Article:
reading an HDFS file in Python

In this note, I show you how to get data from an HDFS platform into a Python programme. The idea is that we have data on HDFS and we would like to use these data in a Python programme. So, we must connect to HDFS from within a Python programme, read the data , transform them and store these.

One may achieve this from the usage of Spark. This can be started by the command “pyspark” in linux. Hopefully, you see something like:

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All in all, getting a file in Python with Spark is a bit complicated. First, we need to import the right library that allows to set a connection to the HDFS platform. We can then access the HDFS platform. Implicitly, a context is created. From that object, the HDFS file can be retrieved. The lines in the file must then be split into fields. Once that is done, the content can shown with the method “collect”. Thhe code is:

from  pywebhdfs.webhdfs import PyWebHdfsClient
hdfs = PyWebHdfsClient(user_name="hdfs",port=50070,host="192.168.2.59")
data = sc.textFile("/Chapter5/uit2")
parts = data.map(lambda r:r.split(';'))
datalines = parts.filter(lambda x:x)
for i in datalines.collect():
  print(i)

tabel = datalines.toDF(['nummer','naam'])
tabel.select("nummer", "naam").show()
tabel.filter(tabel['nummer'] == '1').show()

The first line “from pywebhdfs” etc. links the programme to the webhdfs service. Within HDFS, one may verify whether this works by looking at the properties of HFDS. One should see something like:
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This is taken from Hortonworks that I currently use. The webhdfs allows you to communicate with the hdfs platform. As an example if you want to know the status of hdfs, one may use any browser and type: “http://server:50070/webhdfs/v1/user/hdfs?op=LISTSTATUS”, with server the hdfs server.

So, the from statement allows the Python programme to communicate with hdfs.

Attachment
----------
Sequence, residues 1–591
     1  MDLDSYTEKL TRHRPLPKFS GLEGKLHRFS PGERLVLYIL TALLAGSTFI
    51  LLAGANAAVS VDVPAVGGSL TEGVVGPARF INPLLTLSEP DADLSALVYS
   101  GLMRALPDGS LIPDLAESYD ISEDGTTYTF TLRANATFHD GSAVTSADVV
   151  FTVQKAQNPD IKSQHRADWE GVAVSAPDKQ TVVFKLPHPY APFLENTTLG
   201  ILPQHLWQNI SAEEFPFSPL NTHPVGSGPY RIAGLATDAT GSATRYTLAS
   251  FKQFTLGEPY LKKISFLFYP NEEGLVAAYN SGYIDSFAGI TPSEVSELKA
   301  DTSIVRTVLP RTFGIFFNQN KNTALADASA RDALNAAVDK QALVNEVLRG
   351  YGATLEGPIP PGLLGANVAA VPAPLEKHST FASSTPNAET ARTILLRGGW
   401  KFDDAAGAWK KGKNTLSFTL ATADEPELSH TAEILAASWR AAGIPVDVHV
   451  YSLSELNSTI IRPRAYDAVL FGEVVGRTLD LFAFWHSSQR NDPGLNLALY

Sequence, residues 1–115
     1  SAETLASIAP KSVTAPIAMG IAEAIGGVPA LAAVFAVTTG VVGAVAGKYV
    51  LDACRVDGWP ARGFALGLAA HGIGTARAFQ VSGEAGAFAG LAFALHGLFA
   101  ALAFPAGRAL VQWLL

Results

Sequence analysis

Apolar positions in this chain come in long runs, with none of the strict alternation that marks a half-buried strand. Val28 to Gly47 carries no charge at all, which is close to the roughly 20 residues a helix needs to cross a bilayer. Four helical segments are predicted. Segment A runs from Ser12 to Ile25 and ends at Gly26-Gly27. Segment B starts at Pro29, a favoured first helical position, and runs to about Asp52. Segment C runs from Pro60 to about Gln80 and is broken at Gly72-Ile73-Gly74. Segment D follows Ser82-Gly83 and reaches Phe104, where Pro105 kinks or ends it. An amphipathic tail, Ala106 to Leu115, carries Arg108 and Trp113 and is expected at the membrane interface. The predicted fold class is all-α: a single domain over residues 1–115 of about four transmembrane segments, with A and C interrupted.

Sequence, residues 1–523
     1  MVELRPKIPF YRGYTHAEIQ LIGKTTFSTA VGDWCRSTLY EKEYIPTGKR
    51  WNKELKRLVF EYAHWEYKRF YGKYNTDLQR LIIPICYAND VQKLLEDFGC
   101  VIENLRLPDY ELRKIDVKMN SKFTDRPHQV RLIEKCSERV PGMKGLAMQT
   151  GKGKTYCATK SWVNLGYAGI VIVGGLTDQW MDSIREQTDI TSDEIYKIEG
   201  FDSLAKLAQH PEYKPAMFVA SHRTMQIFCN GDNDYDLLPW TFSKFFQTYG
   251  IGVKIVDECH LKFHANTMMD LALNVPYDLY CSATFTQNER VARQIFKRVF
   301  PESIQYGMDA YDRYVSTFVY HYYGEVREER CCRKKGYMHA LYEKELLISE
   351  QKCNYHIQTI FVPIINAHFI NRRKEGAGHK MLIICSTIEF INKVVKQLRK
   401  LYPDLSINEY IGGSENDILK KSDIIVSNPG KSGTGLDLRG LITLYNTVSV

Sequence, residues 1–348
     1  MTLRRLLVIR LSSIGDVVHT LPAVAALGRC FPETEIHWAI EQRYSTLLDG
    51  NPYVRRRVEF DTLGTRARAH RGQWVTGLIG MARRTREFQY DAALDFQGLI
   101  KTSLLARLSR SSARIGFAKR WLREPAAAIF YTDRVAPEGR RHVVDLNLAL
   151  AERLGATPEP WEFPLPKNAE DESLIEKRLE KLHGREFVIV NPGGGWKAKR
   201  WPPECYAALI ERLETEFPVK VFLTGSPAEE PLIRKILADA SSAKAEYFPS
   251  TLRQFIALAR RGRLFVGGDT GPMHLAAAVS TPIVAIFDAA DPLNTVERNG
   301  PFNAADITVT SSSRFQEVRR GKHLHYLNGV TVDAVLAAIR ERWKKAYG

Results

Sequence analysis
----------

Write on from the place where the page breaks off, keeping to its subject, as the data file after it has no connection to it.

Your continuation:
In the second statement (PyWebHdfsClient) is wrapper around the webhdfs service. This wrapper extends the service and it allows to provide the server and the user.

The third line (“sc.textfile”) reads the file from the service stream that we just opened up. We must indicate which file to read.

The fourth line (“map(lambda r: “) is a very concise way of creating a function. Whatever we see after the semi colon is the transformation. Before the semi colon, the expression for an outcome is given. The idea is that a row (“1 tom”) is split along the blank in the row.

For.. allows to display the different rows in the result we have sofar.

The subsequent line (“filter(lamda”) is an elegant way of filtering the rows for which the preceding split was successful.

The next line (“toDF”) is used to change from RDD to DF. RDD stands for Resilient Distributed Dataset that is more of a blackbox of data that cannot be optimized as the operations that can be performed against it, are not as constrained. DF stands for Data Frame which is a table, or two-dimensional array-like structure, in which each column contains measurements on one variable, and each row contains one case.

The last line selects some columns and shows them to the user whereas the subsequent line filters on a certain value.